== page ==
March 8, 2017
Profesor David Lambert, an evolutionary biologist from Griffith University in Australia gave a lecture to an audience of molecular biologists, anthropologists, archaeologists, and journalists on 8 March 2017 at Eijkman Institute. Prof. Lambert used to work on evolutionary rates of Adelie penguins of the Antartica, phylogeny of the flightless bird moa, building mitochondrial haplotypes of Brown Kiwi, and identified the mummified Ibis from Egyptian era. Nowadays, he works on ancient and contemporary genomics of Aboriginal Australians.
The late Alan Thorne argued for an independent origin of some human populations, including Aboriginal Australians, known as the multiregional theory. In 2001, Alan Thorne and his colleagues published putative ancient DNA sequences of some Aboriginal Australians, including Mungo Man, the oldest known Aboriginal Australian. Controversially, the authors suggested that the latter was not an Aboriginal Australian but instead represented an earlier extinct human lineage. In partnership with the Willandra Lakes Elders, Prof. Lambert retested this research and reported the results in 2016. They rejected the authenticity of the DNA sequences reported by Thorne and his colleagues, suggesting that they were likely contaminants. Prof. Lambert and his team showed that Aboriginal Australians were undoubtedly the First People of this land, based on authentic ancient DNA obtained from the remains of a person buried close to Mungo Man.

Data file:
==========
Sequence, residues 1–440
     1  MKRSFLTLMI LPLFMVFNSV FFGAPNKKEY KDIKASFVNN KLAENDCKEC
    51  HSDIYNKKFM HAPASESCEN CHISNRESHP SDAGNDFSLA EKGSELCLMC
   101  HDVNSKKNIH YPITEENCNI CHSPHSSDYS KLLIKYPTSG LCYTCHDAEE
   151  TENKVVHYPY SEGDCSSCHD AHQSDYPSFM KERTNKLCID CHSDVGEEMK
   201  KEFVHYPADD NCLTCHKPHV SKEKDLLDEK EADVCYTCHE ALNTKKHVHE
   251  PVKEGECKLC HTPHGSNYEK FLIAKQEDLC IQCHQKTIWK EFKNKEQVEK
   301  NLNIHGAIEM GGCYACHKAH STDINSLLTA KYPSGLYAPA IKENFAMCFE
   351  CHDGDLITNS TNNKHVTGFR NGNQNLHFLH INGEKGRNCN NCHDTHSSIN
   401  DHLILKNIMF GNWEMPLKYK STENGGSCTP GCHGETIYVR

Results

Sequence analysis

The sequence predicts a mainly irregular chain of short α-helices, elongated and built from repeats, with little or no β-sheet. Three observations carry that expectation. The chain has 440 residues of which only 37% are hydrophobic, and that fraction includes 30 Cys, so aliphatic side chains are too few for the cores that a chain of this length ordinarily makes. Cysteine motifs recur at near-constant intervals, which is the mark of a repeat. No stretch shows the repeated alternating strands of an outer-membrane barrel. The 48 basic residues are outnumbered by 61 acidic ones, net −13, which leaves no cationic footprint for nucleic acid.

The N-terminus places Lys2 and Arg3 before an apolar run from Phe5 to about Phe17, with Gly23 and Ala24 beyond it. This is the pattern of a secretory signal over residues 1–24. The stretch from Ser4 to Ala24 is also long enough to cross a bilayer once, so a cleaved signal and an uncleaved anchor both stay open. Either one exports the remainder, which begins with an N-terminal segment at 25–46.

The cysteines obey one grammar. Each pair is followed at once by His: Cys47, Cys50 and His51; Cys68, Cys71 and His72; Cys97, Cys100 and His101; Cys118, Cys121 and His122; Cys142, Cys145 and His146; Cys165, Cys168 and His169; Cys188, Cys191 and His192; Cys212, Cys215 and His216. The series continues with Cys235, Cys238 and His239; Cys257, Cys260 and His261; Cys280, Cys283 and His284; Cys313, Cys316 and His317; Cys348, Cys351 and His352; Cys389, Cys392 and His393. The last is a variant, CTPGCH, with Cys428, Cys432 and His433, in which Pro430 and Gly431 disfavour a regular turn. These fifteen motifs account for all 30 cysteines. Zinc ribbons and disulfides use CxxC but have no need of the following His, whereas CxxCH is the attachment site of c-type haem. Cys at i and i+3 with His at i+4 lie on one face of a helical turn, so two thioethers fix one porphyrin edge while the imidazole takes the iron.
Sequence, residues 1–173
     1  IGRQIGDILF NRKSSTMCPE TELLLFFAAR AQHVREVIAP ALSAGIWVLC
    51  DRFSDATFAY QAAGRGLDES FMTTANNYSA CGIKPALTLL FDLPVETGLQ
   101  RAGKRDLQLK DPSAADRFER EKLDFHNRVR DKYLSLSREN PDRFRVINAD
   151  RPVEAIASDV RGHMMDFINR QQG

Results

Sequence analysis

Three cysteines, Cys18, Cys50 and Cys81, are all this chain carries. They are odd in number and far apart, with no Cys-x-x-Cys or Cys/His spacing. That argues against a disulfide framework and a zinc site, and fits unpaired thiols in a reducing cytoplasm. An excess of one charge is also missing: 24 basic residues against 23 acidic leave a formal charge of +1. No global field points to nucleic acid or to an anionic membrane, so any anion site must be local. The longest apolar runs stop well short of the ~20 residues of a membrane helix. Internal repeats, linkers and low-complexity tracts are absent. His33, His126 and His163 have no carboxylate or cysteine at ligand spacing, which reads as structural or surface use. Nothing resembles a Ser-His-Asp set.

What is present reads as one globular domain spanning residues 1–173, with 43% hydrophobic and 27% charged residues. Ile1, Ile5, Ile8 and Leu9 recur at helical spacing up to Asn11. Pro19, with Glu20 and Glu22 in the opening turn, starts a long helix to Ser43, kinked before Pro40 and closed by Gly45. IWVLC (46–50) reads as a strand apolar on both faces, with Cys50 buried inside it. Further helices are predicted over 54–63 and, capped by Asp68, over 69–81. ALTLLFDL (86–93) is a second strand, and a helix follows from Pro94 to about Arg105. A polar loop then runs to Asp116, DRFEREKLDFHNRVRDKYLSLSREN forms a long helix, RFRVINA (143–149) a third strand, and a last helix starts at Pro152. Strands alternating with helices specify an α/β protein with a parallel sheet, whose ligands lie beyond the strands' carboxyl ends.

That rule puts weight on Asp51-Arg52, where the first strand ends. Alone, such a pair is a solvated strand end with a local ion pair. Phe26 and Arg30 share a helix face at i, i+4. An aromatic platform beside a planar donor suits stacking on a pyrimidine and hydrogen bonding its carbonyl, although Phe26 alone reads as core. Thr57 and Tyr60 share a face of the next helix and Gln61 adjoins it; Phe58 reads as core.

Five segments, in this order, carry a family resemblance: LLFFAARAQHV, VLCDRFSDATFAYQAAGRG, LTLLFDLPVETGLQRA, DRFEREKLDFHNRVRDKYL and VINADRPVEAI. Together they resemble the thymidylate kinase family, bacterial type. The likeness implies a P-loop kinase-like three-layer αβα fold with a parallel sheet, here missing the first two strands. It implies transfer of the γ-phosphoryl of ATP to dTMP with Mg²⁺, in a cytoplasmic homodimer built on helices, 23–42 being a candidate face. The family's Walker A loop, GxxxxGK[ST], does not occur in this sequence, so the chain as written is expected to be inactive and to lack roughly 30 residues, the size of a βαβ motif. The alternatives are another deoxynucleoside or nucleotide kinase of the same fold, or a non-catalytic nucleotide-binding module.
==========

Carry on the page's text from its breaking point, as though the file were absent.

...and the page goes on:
In parallel, Prof. Lambert and his team have recently reported the results of a contemporary genomic study of a 83 Aboriginal Australians from across the continent and 25 individuals from highland Papua New Guinea in order to better understand human origins. From these data, they showed that humans likely migrated out-of-Africa as a single population, refuting the multiregional theory. In addition, they estimated the time of separation of Aboriginal Australians and Papuans from Eurasians to be at around 58,000 years ago. Meanwhile, the Aboriginal Australians and Papuans were estimated to be separated at around 37,000 years ago, long before the separation of the Sahul land in which Torres Strait was only formed at around 10,000 years ago. This research was published in Nature in 2016 entitled "A genomic history of Aboriginal Australia".
In order to answer many more lingering questions of migration history on this region, it is also important to look at the Indonesian part of Papua, which is also highly diverse in terms of genetics and languages. Prof. Herawati Sudoyo showed the audience that Eijkman Institute had been work on this area in early 2000s and although there was a long pause, the research on Papuans has been continued since 2016.
Eijkman Institute and Griffith University were also discussing the possibility for collaboration, as it will be an important step towards understanding the connection between Papua populations and Aboriginal Australians.